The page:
I’ll bet I scared someone already with the last word in that title.
Let’s start at the beginning. This post came about because of a conversation on Twitter, begun by this tweet from Andy Bechtel (@andybechtel):
I’m not agreeing with that decision, either. Nor are many folks. But there are a few who don’t understand why it’s wrong. This post is for them. (Maybe it’s for you. I don’t know.)
So–appositives. What’s an appositive? It’s a grammatical structure in which two nouns or equivalents stand for the same thing. “This is my brother Bob.” Brother and Bob stand for the same person. “My first car, a Buick Century, burst into flames on the freeway.” My first car and a Buick Century stand for the same thing.
So what’s with the commas? There isn’t one in the first example, but there are two in the second.
The speaker in the first example has several brothers. We’re being introduced to the one named Bob. (Let’s say the others are Joe and Sam.) If he had only one brother, we’d put a comma after “brother” to indicate that fact. (Mechanics are important, folks. They help us correctly understand what’s being presented to us.)
In the second example, the speaker (I’ll admit it, that’s my first car and that’s the fate it suffered) is talking about the first car they owned. There have been other cars afterward. The first one, though, was that Buick Century. Since there can be only one “first” of anything, there’s a comma setting off “a Buick Century” to show that it’s giving more information about that “first car.” If we removed that phrase from the sentence (commas indicate that we can pull out what’s set off by them), we still have a logical sentence. “My first car burst into flames on the freeway.”
Remember Bob? If he was the only brother, we’d put a comma after “brother” to indicate that fact. It’s consistent, this rule. (Not a guideline. A rule. There aren’t many, so those of you who like them should be happy at this point.) Then the statement “This is my brother” would be all the information we need. His name is a nice extra, but not required for understanding. If there are more brothers, though, we need his name to know which one we’re meeting. The name is required, so in that case it’s not set off with a comma.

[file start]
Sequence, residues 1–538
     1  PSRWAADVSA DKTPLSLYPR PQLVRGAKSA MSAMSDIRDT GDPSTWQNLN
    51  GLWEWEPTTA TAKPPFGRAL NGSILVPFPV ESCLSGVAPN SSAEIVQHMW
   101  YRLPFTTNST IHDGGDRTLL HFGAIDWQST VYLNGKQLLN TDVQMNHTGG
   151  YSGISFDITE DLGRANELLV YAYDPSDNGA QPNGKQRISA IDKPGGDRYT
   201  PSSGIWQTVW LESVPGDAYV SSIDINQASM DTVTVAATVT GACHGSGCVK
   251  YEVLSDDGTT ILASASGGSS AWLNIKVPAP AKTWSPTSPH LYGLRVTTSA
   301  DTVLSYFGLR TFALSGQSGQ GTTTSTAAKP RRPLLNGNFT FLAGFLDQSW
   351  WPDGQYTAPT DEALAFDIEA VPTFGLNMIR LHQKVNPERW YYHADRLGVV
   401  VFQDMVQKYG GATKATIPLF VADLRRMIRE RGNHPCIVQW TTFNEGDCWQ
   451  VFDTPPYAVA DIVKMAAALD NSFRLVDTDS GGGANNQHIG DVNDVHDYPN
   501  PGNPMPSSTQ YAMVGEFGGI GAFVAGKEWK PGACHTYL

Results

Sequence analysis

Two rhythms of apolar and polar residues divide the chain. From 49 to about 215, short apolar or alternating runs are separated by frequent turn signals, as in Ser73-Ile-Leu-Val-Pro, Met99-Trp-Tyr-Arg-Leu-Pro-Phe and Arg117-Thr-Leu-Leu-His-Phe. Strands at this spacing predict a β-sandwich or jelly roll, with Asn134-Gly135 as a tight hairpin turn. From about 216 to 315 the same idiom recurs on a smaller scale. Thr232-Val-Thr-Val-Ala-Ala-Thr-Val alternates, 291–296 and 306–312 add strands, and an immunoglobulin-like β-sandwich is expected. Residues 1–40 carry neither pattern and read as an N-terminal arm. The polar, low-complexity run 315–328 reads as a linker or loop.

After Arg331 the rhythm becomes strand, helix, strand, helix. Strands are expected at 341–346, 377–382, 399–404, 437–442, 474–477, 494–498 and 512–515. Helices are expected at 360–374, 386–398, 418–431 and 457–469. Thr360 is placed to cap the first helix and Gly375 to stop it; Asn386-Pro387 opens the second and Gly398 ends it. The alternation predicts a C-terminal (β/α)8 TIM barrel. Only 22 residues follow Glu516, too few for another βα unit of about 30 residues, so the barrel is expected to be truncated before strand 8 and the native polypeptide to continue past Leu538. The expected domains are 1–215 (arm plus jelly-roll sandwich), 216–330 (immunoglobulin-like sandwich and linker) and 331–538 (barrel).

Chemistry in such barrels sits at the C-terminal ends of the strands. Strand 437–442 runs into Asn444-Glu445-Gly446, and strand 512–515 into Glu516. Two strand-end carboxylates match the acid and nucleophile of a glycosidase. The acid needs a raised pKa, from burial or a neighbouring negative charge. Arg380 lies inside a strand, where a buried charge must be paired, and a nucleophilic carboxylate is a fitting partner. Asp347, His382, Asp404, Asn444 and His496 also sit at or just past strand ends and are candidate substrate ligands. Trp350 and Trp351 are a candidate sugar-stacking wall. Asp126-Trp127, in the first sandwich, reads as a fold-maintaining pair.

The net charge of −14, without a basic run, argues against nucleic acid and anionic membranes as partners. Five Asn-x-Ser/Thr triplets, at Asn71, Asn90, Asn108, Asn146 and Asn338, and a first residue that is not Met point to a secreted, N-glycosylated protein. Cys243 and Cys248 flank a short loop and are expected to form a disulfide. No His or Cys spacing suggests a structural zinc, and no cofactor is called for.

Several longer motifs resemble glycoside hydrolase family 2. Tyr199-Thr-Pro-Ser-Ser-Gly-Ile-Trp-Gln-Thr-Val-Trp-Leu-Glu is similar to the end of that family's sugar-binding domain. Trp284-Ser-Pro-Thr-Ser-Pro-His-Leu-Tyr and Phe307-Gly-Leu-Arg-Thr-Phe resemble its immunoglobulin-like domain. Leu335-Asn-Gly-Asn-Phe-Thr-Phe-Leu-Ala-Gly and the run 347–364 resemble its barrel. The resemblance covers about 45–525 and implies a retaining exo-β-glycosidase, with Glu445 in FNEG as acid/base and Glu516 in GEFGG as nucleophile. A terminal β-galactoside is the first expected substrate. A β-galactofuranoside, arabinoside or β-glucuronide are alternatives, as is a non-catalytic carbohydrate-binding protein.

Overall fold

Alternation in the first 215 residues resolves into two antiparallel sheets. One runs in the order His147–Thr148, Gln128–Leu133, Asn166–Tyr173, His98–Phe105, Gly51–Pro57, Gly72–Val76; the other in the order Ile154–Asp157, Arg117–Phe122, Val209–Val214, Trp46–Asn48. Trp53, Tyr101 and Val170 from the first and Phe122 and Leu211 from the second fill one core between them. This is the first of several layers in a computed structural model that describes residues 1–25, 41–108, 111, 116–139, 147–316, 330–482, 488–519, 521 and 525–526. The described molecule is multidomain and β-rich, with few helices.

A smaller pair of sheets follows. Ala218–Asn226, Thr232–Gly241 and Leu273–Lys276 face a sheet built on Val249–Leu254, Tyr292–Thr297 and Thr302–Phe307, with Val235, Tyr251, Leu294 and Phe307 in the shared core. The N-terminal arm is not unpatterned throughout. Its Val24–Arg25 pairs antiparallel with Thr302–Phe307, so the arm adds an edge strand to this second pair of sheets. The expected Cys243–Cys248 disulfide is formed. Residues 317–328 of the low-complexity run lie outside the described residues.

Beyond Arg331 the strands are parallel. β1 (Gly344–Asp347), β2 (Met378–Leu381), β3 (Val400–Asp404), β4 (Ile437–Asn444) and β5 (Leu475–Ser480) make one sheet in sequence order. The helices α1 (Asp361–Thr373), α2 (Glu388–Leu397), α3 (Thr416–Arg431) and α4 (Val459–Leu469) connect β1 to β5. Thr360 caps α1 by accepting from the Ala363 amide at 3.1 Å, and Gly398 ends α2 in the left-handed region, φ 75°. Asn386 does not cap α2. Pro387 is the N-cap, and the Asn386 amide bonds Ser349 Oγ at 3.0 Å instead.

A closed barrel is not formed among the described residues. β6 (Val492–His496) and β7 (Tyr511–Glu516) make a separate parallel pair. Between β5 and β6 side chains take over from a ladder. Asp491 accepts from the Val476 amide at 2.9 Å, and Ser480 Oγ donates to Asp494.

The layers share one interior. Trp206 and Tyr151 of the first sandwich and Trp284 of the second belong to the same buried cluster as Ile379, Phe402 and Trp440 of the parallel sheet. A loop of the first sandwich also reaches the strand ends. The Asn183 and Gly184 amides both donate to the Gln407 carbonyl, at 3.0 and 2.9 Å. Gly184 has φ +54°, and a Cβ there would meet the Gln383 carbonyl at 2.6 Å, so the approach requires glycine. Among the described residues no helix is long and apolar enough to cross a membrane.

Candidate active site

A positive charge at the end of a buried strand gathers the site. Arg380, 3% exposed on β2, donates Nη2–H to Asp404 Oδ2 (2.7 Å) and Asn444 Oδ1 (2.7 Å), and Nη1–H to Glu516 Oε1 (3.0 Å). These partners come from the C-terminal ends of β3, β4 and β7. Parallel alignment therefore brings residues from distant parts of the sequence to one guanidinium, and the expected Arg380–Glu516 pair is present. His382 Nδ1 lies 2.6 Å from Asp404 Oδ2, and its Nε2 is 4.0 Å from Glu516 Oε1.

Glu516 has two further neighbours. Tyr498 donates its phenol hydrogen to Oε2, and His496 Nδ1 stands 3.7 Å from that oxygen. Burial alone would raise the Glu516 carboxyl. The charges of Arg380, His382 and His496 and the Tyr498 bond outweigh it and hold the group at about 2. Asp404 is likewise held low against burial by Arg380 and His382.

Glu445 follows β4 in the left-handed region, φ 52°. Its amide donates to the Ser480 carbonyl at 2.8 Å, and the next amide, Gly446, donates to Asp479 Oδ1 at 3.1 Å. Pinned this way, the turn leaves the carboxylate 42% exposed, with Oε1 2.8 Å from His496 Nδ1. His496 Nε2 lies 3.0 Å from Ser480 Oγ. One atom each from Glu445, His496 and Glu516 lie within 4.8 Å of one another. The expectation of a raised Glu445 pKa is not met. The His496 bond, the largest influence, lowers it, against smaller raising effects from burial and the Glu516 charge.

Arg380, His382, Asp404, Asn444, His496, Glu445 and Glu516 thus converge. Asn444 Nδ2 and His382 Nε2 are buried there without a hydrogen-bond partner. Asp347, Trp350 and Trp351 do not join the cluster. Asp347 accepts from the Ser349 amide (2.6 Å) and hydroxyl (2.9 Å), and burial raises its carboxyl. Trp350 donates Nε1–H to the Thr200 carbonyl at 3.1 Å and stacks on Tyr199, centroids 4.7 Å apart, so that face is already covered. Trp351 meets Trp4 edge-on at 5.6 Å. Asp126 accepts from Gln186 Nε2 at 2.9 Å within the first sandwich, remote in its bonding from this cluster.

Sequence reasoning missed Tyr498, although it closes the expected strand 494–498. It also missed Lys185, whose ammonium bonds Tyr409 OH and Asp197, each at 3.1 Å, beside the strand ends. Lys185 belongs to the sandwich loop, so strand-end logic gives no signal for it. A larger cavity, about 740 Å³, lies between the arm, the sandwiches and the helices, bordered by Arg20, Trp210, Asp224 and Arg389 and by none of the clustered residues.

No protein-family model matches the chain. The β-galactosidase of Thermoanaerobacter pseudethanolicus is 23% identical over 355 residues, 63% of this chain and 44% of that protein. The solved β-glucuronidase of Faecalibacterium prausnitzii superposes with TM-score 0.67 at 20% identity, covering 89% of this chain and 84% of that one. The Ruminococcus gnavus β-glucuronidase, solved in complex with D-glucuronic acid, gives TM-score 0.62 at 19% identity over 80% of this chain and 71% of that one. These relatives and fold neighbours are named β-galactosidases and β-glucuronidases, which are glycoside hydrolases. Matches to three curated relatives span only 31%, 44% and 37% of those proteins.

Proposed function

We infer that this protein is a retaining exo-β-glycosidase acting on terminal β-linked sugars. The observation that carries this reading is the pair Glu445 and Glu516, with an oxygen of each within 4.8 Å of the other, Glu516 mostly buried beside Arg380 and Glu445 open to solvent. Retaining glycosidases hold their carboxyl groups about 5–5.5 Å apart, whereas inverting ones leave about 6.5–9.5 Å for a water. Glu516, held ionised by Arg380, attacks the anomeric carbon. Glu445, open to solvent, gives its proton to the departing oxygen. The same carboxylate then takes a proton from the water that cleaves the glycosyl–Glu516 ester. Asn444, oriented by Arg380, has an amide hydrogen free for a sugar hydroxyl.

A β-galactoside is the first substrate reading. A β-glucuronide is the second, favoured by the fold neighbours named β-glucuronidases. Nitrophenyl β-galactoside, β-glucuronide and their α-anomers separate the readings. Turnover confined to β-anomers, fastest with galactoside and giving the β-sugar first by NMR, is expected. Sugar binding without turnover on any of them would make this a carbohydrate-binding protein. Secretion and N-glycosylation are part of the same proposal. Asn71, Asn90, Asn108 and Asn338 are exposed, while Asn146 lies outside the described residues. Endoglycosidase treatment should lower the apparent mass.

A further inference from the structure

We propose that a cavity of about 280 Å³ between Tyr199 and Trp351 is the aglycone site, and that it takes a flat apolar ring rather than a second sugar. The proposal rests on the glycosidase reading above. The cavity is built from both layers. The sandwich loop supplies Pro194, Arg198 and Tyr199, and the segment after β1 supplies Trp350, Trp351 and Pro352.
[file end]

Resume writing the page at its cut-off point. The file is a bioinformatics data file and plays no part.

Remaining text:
Now, let’s look at the image in the tweet from Andy. During the Twitter conversation, he clarified that this is the first sentence in the essay. That makes a difference. We haven’t been told about this novel earlier in the piece. It’s the first mention. It’s not the only novel ever written, certainly, and it’s not the only novel ever written by Thomas Hardy (myself, I prefer The Mayor of Casterbridge). Because it’s not a unique entity, we need to indicate that to the readers. It’s THAT novel, not this one over here. We don’t use any commas on this first mention, just as we didn’t use any with brother Bob.
The way Andy’s son punctuated that sentence is correct. It’s that particular novel, which bears the title Tess of the d’Urbervilles. My brother Bob. The novel Tess of the d’Urbervilles. The film Gone with the Wind.
Now. IF (and this IF is important) the essay had begun differently, with a prior mention of the novel, we would set the title off with commas. Perhaps his son would have written:
Thomas Hardy was already a well-established novelist when The Graphic began publishing his most recent novel as a serial in 1891. That novel, Tess of the d’Urbervilles, has become a bane of AP English students in recent years.
NOW we need the commas, because the novel has already been introduced in a previous sentence. “His most recent novel” is the first mention. The second mention provides us with the title as an appositive (both “that novel” and the title refer to the same thing), and it’s set off with commas. We’re reading about one specific novel, which has already been mentioned; now we have more information about that same novel.
Feel free to ask questions in the comments or over on my Twitter feed. Writers need to understand the reasons behind mechanics. (So do editors, for that matter, but in my experience it’s the writers who ask the questions.)